One-shot continuations

Neutrino has two basic control structures: method calls and one-shot continuations. In my last blog post I outlined how method calls work. In this one I’ll outline one-shot continuations.

You may already be thinking: continuations? Seriously? But it’s not as hairy as it sounds. First of all, these are one-shot, not fully general call/cc. It’s really just a convenient way to define all the usual control structures, including break, continue, and local and non-local return, in terms of one fundamental construct. In particular, one-shot continuations are, even in the most general case, no more expensive in terms of implementation complexity than non-local returns.

In the current syntax (I’ll get back to the topic of syntax and why you shouldn’t focus too much on that later) a one-shot continuation use looks something like this:

with_1cc (return) {
for (i : 0 .. 10) {
if found_it(i)
then return(i)
}
-1;
}

What’s happening here is: at the beginning of the with_1cc statement we capture the current continuation and store it in a variable called return. We then loop from 0 to 9 and, if a condition holds, invoke the continuation and immediately yield the specified value as the result of the with_1cc expression without executing any more of the body. If the condition doesn’t hold then the continuation is implicitly invoked with the result of the body which is -1. Invoking a one-shot continuation more than once is an error and the final implicit call ensures that you’ll get an error if you try to invoke the continuation after the with_1cc expression has completed.

That’s all there is to with_1cc: it gives you a function that you can call — once — to bail out of an arbitrarily nested computation and yield a value to the whole expression. Cases like above where the capture and use of the continuation occur together in a single function are easy for the compiler to recognize and for those it can generate code that doesn’t actually materialize the continuation but simply uses a jump to leave the expression. This will work in any situation where you could use break, continue or local return in a standard C-family language:

def my_function() {
with_1cc (return) {
// ... prepare loop ...
with_1cc (break) {
for (i : 0 .. n) {
with_1cc (continue) {
// ... loop body ...
}
}
}
// ... finish ...
}
}

The above code is obviously very verbose and luckily you wouldn’t have to actually write that in neutrino — the syntax is flexible and the compiler is free to automatically introduce with_1ccs when required. The point is that this can be used to implement any of the basic local jumps from the C-like languages, except for goto, and generate as efficient code for each of them as in languages where they’re built-in. In addition to mimicking other control structures it also allows patterns that are not possible on C-like languages, like expression-local returns:

def matching_entry := with_1cc (leave) {
for (entry : this.entries) {
if entry.name = name
then leave(entry);
}
}
print("Found entry: ${matching_entry}");

This code loops over a list of entries and leaves the loop, but not the whole function, immediately when the appropriate one has been found. This can be simulated in various ways: creating a utility method that uses normal return, assigning to matching_entry and breaking out of the loop, or inlining the action to be performed with the result at the place where the result is identified. Using with_1cc you can express the behavior directly without the need for workarounds. And, again, this comes without any performance penalty since the control flow can be resolved statically and the continuation doesn’t have to be materialized.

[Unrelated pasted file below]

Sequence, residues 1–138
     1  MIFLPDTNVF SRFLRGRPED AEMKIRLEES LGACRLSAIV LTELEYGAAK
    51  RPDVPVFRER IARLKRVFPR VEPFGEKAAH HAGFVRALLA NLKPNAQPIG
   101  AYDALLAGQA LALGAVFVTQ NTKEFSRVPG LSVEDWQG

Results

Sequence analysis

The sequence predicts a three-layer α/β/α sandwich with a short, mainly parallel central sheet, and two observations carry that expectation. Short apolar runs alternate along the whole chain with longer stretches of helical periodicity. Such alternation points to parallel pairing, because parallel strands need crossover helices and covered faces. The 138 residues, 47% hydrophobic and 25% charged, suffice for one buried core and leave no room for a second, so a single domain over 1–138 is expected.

In the case where the continuation is not used locally it behaves similarly to non-local returns in language that support that, like Smalltalk. The difference is that where non-local return ties the return to a method call, with_1cc lets you return to an arbitrary expression. Other than that they are completely equivalent.

As mentioned, the syntax of neutrino is flexible and there’s every reason for libraries to introduce shorthands based on this construct that allows it to be used without the full syntactic complexity. This is a basic building block that the base language supports, not something you’re likely to see that often in its naked form.

Update: Kevin Millikin points out that just calling the continuation on exit isn’t enough to ensure that it won’t get called more than once. Kevin’s counterexample is

def get_me_back_in := with_1cc (get_me_out) {
with_1cc (invoke_me_later) {
get_me_out(invoke_me_later);
}
}
print("hest");
get_me_back_in(...);

Here we escape the implicit invocation of invoke_me_later by leaving via a surrounding continuation. Bummer. This issue is present in any language with non-local return that can be captured, for instance SmallTalk:

outer
| innerReturn |
innerReturn := self inner.
^ innerReturn value: 5.

inner
^ [ :v | ^ v ]

(I just tried this in Squeak; you get a BlockCannotReturn exception.)

The solution is to enclose the body of the with_1cc in an unwind-protect that ensure that no matter how we leave the with_1cc, the corresponding continuation will be disabled. Divorcing calling a continuation from disabling it does mean that the name “one-shot continuation” stops being accurate so I’ll probably have to come up with a more fitting name.

One thing I haven’t written about yet are coroutines, which neutrino also supports. Mixing not-really-one-shot-continuations-anymore with those is also interesting but that is a future blogpost.

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